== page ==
Submitted by Cindy Kimes
Old Fayette Church relic of Pioneer Days.
Called Jerusalem Church because of location on commanding hill.
Waterloo, NY January 5, 1930
The old Jerusalem Reformed and Lutheran Church in the town of Fayette, four miles south of Waterloo, is one of the landmarks of Seneca County. It stands on a commanding eminence which overlooks many square miles of territory, a silent reminder of the history of a century past.
The Germans who emigrated from Pennsylvania to Seneca County and settled in the town of Fayette at the beginning of the 19th century were of the Reformed and Lutheran faith. They brought with them their love of religious liberty and plans for establishing the new faith. Near the center of the town of Fayette on a high elevation, such as characterizes Jerusalem in Palestine, these early settlers decided to build a church.
The first Board of Trustees consisted of Jacob Heck, Philip Pratz, John Emerick and Adam Hostetter. Two of them were from each denomination. The two congregations were organized August 3, 1811.
The first church was built of logs and was finished and furnished in a simple way that was in harmony with the simple living and high thinking of those primitive days.
This building was destroyed by fire on February 7, 1835. There was no insurance on it and the loss was complete. With undaunted courage, the two congregations faced this disaster and at once decided to rebuild the church which was as much a part of their lives as their homes. The corner stone of the present building was laid May 12, 1836, and the work was carried forward as rapidly that they were able to dedicate the new church on November 13 of that year. The present building has therefore stood for more than 87 years.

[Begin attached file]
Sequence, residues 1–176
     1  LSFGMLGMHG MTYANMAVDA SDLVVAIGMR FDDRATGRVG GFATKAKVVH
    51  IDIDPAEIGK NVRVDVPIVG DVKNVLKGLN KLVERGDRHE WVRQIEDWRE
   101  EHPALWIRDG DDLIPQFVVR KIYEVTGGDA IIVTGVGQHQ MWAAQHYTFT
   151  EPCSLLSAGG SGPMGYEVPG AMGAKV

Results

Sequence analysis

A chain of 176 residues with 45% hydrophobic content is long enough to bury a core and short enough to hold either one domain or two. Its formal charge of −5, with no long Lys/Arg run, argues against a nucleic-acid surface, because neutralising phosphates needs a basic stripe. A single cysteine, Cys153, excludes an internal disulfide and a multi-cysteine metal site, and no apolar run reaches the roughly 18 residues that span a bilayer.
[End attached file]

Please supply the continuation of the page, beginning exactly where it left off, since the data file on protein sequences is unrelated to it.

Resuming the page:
For many years, the work of the two congregations was carried forward with varying degrees of interest and success. Little by little, as the pioneers died, interest and activity waned, until the work came to a standstill and the congregation disbanded. For many years, Jerusalem Church was served by the pastors of the Fayette Reformed and Lutheran Churches of Fayette village. The Reverend C. M. Boughton, then pastor of the Tyre Reformed Church, preached for sometime at Jerusalem. He was located at Waterloo at the time.
In 1915, The Reverend D. W. Kerr, then pastor of the Federated Reformed and Lutheran Churches at Fayette, felt that the anniversary of this old landmark ought to be celebrated annually and its history kept alive in the minds of people of the community. He arranged for an open air service on a Sunday afternoon early in August. The weather was rather unfavorable, but a fair sized audience gathered and a simple and impressive service was held. At this anniversary service, gifts were offered for use in remolding and repairing the building and putting it into shape for further usefulness as a church for the benefit of the community, but the money has been put to no use so far.
1950 - Jerusalem Church is a subject of the past. One by one the bricks fell, lots of them carted away by some unknown people till at the present time, it would be difficult to make a person, unfamiliar with the place, ever believe that a church once stood there. The old cemetery at the east of the church is still intact, altho much overgrown with wild roses, bushes, etc. A few very nice stones are still intact. The large one at the West side being the resting place of CHRISTIAN KIME, who came to Fayette in the year 1812. He was one of a Society known as The Trustees of Zion's Church, composed of German Reformed and Lutheran denominations.